Barry Iverson is a former TIME Magazine photographer.   His work has also been published in such wide-ranging publications as National Geographic, New York Times, Life, People, Geo, Paris Match and Stern.


Iverson is a graduate of the University of Colorado at Boulder.   In 1985, he won a Fulbright Scholarship to research the history of photography in Egypt, shoot “Comparative Views of Egypt”, and teach photography at the American University in Cairo.

He has produced several fine art portfolios, including Egyptian Desert Views I & II, Cairo I & II, Sand & Stone, Comparative Views of Harvard, Comparative Views of Egypt, Aged, The Cinders of Gawhara Palace and Tahrir Square 2011.  His work is represented by the LIFE Gallery in New York, the Townhouse Gallery in Cairo, the Sultan Gallery in Kuwait and his work is held in several public and private collections.  Iverson published Comparative Views of Egypt (1994), and Egypt 1900: The View Through Postcards (1993), and written the biographies of photographers Van Leo, Riad Chehata, and researched the Hunt/Baker photographic partnership, the latter duo being the first Americans to photograph Egypt.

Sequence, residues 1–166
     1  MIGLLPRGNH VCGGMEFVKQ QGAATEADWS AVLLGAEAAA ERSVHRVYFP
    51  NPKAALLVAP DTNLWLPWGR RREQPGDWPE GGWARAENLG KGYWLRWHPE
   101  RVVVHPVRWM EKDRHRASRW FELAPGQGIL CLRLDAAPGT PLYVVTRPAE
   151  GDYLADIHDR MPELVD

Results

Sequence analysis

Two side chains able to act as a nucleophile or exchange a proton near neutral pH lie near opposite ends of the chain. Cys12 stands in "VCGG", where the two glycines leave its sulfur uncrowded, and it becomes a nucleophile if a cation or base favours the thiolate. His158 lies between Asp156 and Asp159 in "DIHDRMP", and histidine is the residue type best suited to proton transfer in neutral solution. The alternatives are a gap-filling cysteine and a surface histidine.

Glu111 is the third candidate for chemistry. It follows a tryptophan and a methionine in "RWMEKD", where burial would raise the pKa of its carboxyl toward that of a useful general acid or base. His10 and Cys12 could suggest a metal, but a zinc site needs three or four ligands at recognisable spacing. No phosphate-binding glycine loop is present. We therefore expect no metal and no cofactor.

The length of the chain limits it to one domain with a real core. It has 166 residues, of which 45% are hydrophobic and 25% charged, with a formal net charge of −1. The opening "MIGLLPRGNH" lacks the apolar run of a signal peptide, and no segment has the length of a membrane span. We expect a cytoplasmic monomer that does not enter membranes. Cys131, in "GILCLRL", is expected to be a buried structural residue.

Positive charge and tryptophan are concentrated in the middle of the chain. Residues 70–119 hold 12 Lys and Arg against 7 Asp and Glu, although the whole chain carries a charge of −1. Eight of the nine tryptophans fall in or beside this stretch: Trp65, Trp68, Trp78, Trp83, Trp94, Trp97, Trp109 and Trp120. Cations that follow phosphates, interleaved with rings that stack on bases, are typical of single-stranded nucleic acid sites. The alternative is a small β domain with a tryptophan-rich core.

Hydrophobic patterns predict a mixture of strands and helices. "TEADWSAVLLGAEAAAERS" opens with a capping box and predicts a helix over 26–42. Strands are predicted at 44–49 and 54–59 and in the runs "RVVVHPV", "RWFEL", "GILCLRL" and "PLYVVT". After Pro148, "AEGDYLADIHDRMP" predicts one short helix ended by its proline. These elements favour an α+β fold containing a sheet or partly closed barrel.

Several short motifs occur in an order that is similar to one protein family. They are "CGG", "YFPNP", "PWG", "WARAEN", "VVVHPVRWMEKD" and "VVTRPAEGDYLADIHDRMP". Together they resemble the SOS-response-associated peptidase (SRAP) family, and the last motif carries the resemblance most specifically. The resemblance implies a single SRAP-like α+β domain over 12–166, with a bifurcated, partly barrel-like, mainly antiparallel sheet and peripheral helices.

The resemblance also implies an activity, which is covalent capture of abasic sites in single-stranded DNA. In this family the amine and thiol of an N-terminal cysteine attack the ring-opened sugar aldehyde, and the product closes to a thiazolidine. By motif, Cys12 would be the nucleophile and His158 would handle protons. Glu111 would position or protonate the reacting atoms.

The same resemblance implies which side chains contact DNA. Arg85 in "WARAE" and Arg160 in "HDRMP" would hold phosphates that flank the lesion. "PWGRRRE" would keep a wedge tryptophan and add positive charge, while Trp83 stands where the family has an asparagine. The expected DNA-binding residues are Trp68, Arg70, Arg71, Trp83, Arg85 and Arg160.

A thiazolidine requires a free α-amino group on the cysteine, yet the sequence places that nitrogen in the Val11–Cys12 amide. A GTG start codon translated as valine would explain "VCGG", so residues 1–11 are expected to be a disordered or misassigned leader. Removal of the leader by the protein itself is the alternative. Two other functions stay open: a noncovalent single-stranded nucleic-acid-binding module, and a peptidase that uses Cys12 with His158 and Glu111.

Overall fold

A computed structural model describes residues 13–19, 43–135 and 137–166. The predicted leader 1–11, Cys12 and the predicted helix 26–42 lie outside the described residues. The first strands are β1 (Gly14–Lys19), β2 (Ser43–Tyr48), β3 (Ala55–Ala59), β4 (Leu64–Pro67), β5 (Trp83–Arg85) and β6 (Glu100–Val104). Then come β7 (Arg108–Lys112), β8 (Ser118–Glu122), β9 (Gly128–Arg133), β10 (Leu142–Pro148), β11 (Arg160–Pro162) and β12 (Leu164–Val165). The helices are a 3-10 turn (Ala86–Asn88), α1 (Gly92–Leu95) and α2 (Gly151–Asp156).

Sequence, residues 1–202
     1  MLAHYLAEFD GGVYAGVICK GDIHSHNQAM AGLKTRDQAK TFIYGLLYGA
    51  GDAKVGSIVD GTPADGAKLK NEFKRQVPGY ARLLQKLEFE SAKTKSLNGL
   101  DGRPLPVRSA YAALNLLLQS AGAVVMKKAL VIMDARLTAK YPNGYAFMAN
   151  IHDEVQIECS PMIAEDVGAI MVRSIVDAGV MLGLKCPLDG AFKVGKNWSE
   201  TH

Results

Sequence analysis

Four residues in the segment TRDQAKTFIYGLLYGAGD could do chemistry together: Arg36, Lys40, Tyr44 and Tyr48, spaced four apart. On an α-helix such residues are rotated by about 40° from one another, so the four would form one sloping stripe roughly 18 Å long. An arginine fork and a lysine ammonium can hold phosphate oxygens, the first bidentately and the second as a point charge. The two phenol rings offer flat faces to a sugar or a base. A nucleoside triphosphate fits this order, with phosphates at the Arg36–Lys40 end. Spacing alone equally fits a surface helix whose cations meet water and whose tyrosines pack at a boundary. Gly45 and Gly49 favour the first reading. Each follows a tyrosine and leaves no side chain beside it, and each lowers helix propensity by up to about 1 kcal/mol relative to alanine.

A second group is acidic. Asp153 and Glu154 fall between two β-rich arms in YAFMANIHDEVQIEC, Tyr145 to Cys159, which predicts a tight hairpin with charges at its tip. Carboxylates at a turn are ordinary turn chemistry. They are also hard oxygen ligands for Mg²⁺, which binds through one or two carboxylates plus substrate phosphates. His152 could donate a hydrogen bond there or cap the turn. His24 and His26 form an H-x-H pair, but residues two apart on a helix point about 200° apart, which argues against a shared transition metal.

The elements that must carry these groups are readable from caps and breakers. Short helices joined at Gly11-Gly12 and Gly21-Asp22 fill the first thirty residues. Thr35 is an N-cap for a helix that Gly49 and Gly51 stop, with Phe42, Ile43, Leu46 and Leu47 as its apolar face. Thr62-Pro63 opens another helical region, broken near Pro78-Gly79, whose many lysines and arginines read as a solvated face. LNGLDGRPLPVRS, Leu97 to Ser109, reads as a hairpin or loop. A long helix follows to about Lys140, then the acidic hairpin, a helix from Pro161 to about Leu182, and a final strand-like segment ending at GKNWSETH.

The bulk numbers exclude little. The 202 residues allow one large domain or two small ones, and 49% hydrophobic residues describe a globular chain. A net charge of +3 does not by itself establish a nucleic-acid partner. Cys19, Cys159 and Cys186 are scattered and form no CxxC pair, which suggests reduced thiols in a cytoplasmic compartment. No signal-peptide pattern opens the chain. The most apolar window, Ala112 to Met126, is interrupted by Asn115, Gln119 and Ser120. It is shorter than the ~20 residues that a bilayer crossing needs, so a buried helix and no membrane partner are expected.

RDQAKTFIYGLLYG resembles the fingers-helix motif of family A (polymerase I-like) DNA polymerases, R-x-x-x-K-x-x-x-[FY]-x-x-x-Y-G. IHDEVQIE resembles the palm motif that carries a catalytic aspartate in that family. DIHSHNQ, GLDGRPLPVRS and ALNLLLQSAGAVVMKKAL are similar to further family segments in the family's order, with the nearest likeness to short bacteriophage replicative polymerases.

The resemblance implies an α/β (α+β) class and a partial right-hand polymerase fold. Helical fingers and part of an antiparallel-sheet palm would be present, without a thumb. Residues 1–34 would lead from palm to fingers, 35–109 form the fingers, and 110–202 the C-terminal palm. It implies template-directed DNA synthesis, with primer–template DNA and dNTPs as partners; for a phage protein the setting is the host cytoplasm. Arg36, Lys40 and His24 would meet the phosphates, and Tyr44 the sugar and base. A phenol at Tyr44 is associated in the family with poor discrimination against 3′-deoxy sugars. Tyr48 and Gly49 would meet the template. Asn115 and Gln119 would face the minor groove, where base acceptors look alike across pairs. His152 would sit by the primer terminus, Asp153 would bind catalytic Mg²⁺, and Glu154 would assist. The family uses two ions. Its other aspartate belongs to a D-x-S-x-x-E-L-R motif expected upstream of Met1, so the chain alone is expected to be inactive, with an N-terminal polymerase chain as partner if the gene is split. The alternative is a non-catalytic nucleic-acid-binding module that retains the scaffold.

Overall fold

It was his research and study of 19th & 20th century photography and the early works of photographers like Frith, Greene, Du Camp, Hunt/Baker as well as the documentary work of Walker Evans which influenced Iverson’s own vision and style.   He has long explored issues of memory and its historical context.  The desert landscape has been of particular interest to him for many years.  He shot in large format 8x10inch for much of his early documentary work as well as other film and digital formats.

He continues to pursue his fine art work, editorial as well as commercial commissions.   Iverson’s commercial clients include Nestle, GM, Unilever, Four Seasons, IHG and continues to be challenged and inspired by the digital technologies that are changing everything in our lives.